The Oscar winner turns up in an abbreviated part as Detective O'Brien, who had a run-in with Sarah Connor in the '80s (when he was played by Wayne Bastrup), and became the department conspiracy nut in the '90s when he saw her again. The character doesn't amount to anything, but he does serve as a lone relatable stand-in for the rest of humanity, which is otherwise barely a backdrop for a movie that's ostensibly about saving the world. In Terminator 2, Sarah Connor had nightmares about not being able to save people from what she knew was coming, but Terminator Genisys feels indifferently narrow in focus — a time-warped dysfunctional family dramedy in which Pops, played by the T-101, gives his daughter's new boyfriend a hard time while they all try to fend off the pair's angsty future son.

When Skynet turns out not to be destroyed after all.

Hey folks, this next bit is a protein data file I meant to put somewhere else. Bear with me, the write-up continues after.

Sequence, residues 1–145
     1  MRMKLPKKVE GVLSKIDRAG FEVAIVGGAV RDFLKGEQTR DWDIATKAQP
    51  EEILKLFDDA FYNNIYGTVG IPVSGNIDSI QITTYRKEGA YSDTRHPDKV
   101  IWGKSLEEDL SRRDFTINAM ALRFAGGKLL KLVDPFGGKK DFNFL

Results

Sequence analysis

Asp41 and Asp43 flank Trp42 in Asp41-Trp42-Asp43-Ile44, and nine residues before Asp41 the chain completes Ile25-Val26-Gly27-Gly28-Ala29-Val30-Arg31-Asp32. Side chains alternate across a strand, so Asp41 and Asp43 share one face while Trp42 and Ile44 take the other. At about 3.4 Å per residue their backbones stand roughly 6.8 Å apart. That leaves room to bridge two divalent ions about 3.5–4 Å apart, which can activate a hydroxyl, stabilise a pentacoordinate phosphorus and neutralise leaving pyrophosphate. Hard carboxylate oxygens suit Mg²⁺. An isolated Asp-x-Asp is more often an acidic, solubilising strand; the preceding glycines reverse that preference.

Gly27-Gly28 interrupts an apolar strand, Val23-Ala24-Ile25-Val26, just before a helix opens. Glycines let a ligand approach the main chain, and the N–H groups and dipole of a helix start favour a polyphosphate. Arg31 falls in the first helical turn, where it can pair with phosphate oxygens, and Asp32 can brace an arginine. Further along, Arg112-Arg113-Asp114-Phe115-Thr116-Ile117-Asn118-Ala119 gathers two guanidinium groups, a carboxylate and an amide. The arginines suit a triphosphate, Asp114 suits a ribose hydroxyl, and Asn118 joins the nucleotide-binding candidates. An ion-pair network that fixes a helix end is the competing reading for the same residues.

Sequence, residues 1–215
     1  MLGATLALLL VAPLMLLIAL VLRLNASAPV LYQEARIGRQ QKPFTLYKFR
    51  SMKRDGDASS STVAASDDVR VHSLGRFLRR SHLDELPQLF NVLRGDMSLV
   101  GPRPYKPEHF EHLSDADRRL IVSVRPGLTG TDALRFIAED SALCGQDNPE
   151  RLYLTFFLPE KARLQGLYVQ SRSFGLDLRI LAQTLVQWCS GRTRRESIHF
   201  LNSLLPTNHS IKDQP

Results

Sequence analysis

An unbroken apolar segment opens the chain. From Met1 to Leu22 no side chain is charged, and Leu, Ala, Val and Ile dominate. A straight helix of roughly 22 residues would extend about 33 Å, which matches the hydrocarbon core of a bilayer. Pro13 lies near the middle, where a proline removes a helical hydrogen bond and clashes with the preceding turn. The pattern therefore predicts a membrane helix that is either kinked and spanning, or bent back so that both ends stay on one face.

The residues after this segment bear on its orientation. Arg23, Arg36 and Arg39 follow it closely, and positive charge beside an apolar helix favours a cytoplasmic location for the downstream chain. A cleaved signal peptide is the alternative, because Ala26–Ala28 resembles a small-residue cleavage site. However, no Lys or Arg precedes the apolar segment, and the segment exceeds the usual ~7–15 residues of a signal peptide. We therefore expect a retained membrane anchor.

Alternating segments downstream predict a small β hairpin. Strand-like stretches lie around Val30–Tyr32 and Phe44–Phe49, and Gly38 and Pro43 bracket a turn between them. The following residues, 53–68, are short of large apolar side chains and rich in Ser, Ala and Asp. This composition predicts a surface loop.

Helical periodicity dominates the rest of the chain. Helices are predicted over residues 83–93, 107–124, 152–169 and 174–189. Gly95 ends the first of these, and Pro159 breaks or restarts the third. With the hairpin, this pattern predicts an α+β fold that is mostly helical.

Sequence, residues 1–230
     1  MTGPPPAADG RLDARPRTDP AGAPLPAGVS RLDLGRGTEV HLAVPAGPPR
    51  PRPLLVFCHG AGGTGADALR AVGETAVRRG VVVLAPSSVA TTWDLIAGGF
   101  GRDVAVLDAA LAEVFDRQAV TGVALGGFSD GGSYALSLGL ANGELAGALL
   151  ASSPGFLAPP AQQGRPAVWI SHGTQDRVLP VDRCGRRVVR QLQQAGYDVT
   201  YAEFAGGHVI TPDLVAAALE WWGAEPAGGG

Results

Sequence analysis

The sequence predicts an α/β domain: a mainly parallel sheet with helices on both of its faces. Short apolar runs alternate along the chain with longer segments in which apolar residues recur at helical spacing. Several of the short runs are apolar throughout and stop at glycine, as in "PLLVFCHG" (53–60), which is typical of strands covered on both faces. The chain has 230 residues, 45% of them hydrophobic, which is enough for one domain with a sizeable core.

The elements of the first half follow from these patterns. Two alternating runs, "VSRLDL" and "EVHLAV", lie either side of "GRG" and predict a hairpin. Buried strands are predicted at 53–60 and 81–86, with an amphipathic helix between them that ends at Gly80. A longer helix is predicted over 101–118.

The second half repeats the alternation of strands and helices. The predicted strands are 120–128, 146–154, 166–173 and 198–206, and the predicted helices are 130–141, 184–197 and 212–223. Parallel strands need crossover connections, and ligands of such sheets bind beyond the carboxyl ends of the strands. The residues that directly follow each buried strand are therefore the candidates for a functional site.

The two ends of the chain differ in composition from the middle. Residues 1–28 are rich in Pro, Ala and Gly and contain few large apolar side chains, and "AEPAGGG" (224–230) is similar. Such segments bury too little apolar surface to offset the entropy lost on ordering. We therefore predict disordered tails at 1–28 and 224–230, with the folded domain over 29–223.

Paramount Pictures

Sure, sequels gotta sequel, and you don't cast Matt Smith in such a small role without leaving the door open for him to come back in a larger one. But after all that Sturm und Drang, those scenes of terminators fighting terminators and corporate break-ins and battles to eliminate what will soon become Skynet, Terminator Genisys throws in a post-credits scene in which we see that Skynet is still around, and also the time machine might still work. Skynet is the bedbugs of apocalyptic artificial intelligence — any tiny bit of future tech left behind and it'll grow back into a world-destroying infestation. And yet, despite preparing all her life for this, Sarah Connor seems blithely indifferent to double-checking to see if everything truly gone — and Kyle Reese, who grew up with this stuff, seems similarly unbothered. It's enough to make you think that maybe humanity deserves to be eliminated, and the next Terminator installment can be entirely populated by T-101s with computer-generated Arnold Schwarzenegger faces, offering up deadpan jokes, ridiculous smiles, and lines from the earlier movies, forever after.